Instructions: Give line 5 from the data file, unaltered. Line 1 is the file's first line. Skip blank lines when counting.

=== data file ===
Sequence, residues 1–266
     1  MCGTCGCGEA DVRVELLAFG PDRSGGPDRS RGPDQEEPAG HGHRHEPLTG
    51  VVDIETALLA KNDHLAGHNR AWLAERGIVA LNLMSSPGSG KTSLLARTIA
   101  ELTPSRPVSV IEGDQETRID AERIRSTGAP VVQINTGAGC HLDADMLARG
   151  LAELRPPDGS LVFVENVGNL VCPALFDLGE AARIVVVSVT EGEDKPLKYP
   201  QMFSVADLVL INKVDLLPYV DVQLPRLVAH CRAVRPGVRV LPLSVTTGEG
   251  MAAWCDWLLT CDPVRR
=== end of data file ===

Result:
   151  LAELRPPDGS LVFVENVGNL VCPALFDLGE AARIVVVSVT EGEDKPLKYP